Touareg will be on sale from the last part of the year – though Kiwi fans could be able to look and touch from as early as August.
NEW ZEALAND seems set to be one of the first right-hand-drive export markets for the just-unveiled third-generation Touareg large sports utility.
Volkswagen New Zealand boss Tom Ruddenklau has confirmed intention to have the latest model, revealed to the world just days ago, on sale in the last quarter of 2018, starting with a turbodiesel V6 in two power formats.
The on-sale is after he’s whetted the market’s appetite with two display cars that will tour nationally. These land at the end of July.
The pair of pathfinders are snaffled from a consignment created for the United Kingdom, which is the type’s first right-hook destination, and it looks as though Kiwis count second only to the Poms for availability.
We are certainly set to be well ahead of Australia, where the distributor has signalled a mid-2019 launch.
Interest in SUVs and crossovers is running at an all-time high in New Zealand, with the types now comfortably outselling orthodox passenger cars – a trend that VW is already benefitting from with boom sales of its Tiguan elevating that medium rock-hopper to achieve in-house best-seller status.
The latest growth spurt for Tiguan has occurred with that derivative landing in a seven-seat format that is surprisingly still not going to avail in the next-size-up Touareg – even though another VW Group car on the same platform, the Audi Q7, comes that way.
It should be pointed out that they are not necessarily full sister ships. While the car’s full dimensions have yet to be released, VW is saying it is only “moderately” wider and longer than its predecessor – which suggests it will occupy less road space than the big Audi.
Ruddenklau, who has only just returned from Germany where he enjoyed a drive day in the Touareg, says he does not know why VW has resisted upscaling to a seating count that has clear support internationally and agrees it might deter some potential business.
All the same, he is confident the Tiguan Allspace meets that family demand and suggests the new Touareg will achieve a strong following all the same.
Not only is it all-new but has been enhanced massively for technology and quality, to the extent that it is now being promoted as a fully premium model by the maker.
Ruddenklau assures that descriptive should not be taken as a portent for significant price increases.
While the new line will deliver enough equipment and luxury to go toe-to-toe against premium-badged competitors, he intends that any upspend over the seven-year-old current model – which sans from $ to $ and whose supply is potentially set to exhaust before the new car arrives – will be slight.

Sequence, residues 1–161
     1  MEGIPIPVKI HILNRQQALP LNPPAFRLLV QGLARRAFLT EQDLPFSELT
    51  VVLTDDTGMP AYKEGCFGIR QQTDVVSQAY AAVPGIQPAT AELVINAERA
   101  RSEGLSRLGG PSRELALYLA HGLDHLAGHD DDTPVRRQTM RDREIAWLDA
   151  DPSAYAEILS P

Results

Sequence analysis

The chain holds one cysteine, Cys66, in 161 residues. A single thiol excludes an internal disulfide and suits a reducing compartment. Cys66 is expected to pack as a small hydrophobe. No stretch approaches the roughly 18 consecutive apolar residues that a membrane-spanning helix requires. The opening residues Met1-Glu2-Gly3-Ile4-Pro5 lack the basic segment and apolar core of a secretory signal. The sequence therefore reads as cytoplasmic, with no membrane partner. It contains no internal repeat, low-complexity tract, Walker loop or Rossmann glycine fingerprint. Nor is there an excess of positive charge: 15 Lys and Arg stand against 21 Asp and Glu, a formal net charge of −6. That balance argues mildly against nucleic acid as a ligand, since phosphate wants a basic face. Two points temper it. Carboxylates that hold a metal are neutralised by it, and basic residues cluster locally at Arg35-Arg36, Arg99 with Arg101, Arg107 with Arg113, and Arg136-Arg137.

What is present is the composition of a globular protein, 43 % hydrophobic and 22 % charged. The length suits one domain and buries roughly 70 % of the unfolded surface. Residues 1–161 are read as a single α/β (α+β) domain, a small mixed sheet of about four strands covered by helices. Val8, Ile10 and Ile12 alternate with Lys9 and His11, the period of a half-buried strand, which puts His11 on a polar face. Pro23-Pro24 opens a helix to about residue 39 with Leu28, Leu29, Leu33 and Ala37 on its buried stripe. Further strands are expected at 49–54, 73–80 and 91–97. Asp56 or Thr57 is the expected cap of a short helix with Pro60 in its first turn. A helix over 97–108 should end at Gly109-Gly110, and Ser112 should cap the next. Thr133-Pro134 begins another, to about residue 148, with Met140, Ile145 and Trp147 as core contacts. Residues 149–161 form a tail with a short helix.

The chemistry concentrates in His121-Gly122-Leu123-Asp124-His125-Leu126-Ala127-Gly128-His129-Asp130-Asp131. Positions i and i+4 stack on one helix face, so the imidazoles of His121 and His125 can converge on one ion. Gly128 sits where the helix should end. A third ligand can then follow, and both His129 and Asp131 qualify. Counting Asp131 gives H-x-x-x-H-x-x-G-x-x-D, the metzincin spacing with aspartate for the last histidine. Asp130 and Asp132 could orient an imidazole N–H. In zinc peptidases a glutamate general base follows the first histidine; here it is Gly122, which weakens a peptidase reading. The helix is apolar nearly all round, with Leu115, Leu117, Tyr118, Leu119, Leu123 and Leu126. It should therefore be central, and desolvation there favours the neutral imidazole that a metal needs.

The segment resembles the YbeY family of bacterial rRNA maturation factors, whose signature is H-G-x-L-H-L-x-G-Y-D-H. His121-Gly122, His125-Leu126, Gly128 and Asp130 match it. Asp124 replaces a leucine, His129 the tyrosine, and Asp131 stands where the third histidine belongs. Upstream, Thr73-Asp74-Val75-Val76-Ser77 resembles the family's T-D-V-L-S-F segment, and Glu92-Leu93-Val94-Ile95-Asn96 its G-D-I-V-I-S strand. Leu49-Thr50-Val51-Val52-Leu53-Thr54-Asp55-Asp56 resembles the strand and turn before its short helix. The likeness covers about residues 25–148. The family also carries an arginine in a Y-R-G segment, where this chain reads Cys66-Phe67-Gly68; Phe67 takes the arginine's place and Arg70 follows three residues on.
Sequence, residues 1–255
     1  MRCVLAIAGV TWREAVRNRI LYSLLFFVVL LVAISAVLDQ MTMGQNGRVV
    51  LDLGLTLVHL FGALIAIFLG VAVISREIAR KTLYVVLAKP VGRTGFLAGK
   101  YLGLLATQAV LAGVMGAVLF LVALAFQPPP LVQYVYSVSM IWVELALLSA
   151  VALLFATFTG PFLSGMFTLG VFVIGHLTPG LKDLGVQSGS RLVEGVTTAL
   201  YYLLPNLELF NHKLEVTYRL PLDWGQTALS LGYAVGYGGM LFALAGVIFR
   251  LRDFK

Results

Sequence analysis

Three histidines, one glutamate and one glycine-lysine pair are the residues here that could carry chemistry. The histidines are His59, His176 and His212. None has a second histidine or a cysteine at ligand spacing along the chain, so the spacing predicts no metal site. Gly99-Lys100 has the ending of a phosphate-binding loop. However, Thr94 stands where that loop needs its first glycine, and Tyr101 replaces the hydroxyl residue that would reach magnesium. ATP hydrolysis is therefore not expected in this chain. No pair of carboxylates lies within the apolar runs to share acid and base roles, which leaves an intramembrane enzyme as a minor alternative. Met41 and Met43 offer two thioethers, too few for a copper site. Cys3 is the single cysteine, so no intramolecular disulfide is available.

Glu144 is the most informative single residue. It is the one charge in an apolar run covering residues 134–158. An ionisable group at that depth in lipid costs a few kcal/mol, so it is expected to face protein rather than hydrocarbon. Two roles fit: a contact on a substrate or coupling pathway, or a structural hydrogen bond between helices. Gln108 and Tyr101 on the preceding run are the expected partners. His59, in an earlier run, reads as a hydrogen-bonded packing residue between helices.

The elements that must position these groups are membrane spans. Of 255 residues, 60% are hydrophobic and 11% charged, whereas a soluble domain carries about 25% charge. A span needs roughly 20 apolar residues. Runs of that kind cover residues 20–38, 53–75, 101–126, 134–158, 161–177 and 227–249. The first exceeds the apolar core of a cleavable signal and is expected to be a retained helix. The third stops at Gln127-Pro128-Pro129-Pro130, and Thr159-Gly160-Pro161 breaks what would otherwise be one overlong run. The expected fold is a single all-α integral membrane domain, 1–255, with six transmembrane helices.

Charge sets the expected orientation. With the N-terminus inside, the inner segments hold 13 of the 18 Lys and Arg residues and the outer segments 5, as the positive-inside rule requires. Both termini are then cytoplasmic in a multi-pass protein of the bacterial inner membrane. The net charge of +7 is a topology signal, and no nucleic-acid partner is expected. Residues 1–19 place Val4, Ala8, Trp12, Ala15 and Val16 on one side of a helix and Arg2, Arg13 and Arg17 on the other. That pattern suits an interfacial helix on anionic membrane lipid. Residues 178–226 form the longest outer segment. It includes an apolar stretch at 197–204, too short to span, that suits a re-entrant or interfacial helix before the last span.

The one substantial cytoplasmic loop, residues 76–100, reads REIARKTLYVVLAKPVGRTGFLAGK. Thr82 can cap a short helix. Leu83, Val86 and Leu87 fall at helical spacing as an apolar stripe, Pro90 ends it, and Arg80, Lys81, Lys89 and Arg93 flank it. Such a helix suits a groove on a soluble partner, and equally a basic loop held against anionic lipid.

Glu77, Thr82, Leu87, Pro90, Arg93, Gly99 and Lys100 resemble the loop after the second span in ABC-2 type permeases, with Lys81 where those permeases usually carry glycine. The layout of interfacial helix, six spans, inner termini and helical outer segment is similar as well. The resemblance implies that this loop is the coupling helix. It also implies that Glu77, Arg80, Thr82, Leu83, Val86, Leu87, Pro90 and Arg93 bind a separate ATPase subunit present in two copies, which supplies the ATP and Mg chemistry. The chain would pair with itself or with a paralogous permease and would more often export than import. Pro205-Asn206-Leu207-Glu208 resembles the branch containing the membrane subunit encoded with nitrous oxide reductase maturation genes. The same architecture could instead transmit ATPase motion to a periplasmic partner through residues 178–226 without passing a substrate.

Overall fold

All will be revealed when NZ market pricing and specification is released in about a month.
As expected, the styling of the new Touareg mirrors that of the T-Prime Concept GTE shown at the 2016 Beijing show, with a large grille featuring horizontal chrome slats that mesh into the large LED headlights.
The interior also delivers dramatic change. The vehicle debuts Volkswagen’s Innovision cockpit, which teams a 12.0-inch digital cockpit instrument cluster with a massive 15.0-inch infotainment system for an extensive, uninterrupted display that minimises the need for buttons and draws inspiration from Mercedes-Benz’s similar screen set-up.
Seen in today’s photos, the system is standard only to the high-end Pro derivative and outclasses equivalent displays used by other Group brands, Ruddenklau says. VW says the new system is highly customisable and can allow for drivers to tailor the information layout to their personal tastes.
Touareg will also feature the largest range of assistance, handling and comfort systems ever integrated into a VW, including a thermal camera-operated night vision assistance system, roadwork lane assist, front cross-traffic assist, four-wheel steering, LED matrix headlights, new roll bar stabilisation and a head-up display.
At launch Volkswagen will offer the Touareg with the same 3.0-litre turbo-diesel V6 in the current model. Ruddenklau intends to launch with 170kW and 210kW tunes.
A 310kW turbodiesel V8 will come in early 2019 but there is no firm timeframe set for the 270kW plug-in hybrid, which Ruddenklau says will definitely be offered to Kiwis as soon as it becomes available. He imagines that drivetrain might achieve up to 20 percent of volume at peak.
The only engine so far announced that is not coming here is a 250kW turbo-petrol V6.
Also en route to NZ is a higher-performance edition of the V6 Amarok to see off the high-performance Ford Ranger Raptor and incoming V6-powered Mercedes-Benz X-Class.
The current 165kW/550Nm Amarok V6 holds bragging rights as the one-tonne ute category champion, but stands to lose the crown to the incoming Mercedes that arrives with a 190kW/550Nm bent six.
At last year’s Frankfurt motor show, Volkswagen unveiled an Amarok Aventura Exclusive V6 concept that matched the Benz’s 190kW, with torque figures remaining a mystery. The production edition of that model is cited for NZ release, but when it comes is not yet clear.
However, while the performance will upsize, the brand has asserted there is no chance of a bigger truck to come with it. Speculation about that idea has risen to the surface after the brand showed its Atlas Tonoak at the New York motor show.
Billed as a concept, the mammoth model is based on a North America-only seven seater SUV VW builds in Tennessee. Though that the models being based on VW’s ubiquitous MQB architecture, which offers the opportunity for right-hand drive production, raised conjecture about both vehicles ultimately being available for markets such as ours.
However, VW has said that’s not the case.